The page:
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Community Journalism

This course is currently unavailable for booking

There are currently no upcoming dates available for this course. Be the first to know when new dates are announced by joining the mailing list.

How can citizens become more involved in reporting the news in their community?

How does technology open up opportunities for communities to produce their own news?

Would you like to learn more about reporting the news in your local area? This course will teach you the basic skills you need for writing and producing your own news.

Learning and teaching

The module will be delivered through ten 2-hour sessions, made up of lectures, class discussions, small group work, and debates. Class sessions will be supplemented by resources available to students via Learning Central.

Syllabus content

The course contains a theoretical element which will introduce the role Community Journalism can play in citizenship and democracy. There will also be a strong practical element, in which you will be taught how to write news stories, and hone your skills through practical application and regular peer and tutor feedback.

Sessions are likely to include:

  • What is Community Journalism? How does it differ from broadcast or news journalism?
  • Democracy and citizen engagement.
  • News values and the art of capturing a story.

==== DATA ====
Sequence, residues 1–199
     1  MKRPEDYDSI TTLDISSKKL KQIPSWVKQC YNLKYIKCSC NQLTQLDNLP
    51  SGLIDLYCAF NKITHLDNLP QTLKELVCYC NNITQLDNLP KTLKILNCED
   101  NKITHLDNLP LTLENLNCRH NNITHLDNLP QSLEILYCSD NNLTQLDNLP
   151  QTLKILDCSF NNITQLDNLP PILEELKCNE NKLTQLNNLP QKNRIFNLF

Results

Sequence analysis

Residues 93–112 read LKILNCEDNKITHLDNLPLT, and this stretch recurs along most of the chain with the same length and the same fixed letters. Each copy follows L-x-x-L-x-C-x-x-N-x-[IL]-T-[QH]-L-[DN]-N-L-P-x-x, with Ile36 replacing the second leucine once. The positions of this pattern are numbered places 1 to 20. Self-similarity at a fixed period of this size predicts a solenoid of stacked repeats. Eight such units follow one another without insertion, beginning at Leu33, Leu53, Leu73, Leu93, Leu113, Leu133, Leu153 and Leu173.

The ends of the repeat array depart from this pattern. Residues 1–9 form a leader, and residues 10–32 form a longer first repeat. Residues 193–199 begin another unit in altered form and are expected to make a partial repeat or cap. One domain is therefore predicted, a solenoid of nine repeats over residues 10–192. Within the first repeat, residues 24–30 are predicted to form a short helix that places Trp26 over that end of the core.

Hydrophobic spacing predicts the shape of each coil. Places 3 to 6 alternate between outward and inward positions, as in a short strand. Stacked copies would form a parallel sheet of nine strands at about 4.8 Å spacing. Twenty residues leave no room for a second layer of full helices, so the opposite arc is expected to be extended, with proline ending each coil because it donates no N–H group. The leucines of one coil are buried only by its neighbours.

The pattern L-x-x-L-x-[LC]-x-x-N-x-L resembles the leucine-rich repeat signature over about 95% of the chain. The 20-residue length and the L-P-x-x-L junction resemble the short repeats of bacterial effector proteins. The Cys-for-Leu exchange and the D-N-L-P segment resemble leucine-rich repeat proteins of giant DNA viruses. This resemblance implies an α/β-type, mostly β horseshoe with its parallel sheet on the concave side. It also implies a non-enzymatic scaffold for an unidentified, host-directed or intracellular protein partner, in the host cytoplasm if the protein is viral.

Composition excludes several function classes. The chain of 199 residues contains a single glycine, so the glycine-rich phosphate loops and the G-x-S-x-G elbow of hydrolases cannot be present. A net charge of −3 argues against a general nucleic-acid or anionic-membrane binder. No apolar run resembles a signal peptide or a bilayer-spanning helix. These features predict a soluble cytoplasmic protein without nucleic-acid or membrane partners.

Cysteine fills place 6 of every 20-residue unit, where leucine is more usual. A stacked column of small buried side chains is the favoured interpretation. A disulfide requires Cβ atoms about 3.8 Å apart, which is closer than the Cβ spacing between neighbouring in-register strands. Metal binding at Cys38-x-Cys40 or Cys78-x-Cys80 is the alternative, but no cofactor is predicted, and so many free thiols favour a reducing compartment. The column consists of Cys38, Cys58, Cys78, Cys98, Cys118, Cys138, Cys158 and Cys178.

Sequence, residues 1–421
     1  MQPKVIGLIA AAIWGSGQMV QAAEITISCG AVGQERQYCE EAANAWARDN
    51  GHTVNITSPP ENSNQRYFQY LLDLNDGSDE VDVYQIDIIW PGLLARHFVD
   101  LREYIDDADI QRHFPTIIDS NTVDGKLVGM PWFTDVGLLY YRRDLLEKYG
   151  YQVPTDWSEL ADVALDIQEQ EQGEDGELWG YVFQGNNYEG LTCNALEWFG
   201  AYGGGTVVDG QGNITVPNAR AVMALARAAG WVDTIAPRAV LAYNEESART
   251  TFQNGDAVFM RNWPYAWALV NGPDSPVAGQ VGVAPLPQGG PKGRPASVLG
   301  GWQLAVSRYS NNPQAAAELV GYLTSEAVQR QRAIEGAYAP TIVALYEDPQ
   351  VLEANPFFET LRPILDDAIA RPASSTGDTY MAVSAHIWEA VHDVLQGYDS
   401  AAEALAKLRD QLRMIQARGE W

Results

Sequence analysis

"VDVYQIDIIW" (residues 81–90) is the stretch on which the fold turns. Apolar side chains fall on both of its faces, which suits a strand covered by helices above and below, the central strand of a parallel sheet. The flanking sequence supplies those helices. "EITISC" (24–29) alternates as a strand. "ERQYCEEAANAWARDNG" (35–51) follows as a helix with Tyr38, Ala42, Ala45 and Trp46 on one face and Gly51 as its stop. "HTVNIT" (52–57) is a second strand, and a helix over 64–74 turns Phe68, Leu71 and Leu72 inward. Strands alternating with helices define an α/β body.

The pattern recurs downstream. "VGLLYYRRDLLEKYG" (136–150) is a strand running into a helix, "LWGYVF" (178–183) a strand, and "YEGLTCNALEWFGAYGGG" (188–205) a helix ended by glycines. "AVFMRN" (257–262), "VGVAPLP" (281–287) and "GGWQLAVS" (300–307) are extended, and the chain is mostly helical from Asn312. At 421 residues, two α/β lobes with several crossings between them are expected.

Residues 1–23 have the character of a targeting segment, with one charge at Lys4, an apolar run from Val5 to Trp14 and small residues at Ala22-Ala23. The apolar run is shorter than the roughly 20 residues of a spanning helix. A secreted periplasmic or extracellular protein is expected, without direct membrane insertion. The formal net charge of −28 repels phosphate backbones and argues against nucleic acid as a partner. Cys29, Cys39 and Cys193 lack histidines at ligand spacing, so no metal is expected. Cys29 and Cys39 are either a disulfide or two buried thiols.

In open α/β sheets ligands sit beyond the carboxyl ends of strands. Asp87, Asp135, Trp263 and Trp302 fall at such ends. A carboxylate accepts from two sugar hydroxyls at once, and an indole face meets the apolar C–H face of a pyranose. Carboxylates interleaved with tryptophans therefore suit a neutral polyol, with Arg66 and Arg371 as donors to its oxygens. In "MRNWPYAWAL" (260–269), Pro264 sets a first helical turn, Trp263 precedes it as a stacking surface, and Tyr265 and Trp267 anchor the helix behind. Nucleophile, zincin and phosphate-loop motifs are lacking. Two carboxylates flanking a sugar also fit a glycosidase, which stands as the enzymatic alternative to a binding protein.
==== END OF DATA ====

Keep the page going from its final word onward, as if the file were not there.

• Writing as a craft and creating a story.
  • Reliable sources and researching stories.
  • Reporting the arts, culture, and sport.
  • How to write about science and the environment.
  • Digital technology and the tools to enhance your story.

Coursework and assessment

To award credits we need to have evidence of the knowledge and skills you have gained or improved. Some of this has to be in a form that can be shown to external examiners so that we can be absolutely sure that standards are met across all courses and subjects.

The most important element of assessment is that it should enhance your learning. Our methods are designed to increase your confidence and we try very hard to devise ways of assessing you that are enjoyable and suitable for adults with busy lives.

For assessment, you will produce a portfolio of writing of around 2000 words, which includes a reflective element.

Reading suggestions

  • Bradshaw, P. 2018. The Online Journalism Handbook: Skills to Survive and Thrive in the Digital Age. London: Routledge
  • Harte, D., Howells, R., Williams, A. 2018. Hyperlocal Journalism: the decline of local newspapers and the rise of online community news. London; New York: Routledge
  • McNair, B. 2012. Journalism and Democracy. London: Routledge
  • Nielsen, R.K. 2015. Local journalism: the decline of newspapers and the rise of digital media. London: Tauris

Library and computing facilities

As a student on this course you are entitled to join and use the University’s library and computing facilities. Find out more about using these facilities.


Our aim is access for all. We aim to provide a confidential advice and support service for any student with a long term medical condition, disability or specific learning difficulty. We are able to offer one-to-one advice about disability, pre-enrolment visits, liaison with tutors and co-ordinating lecturers, material in alternative formats, arrangements for accessible courses, assessment arrangements, loan equipment and dyslexia screening.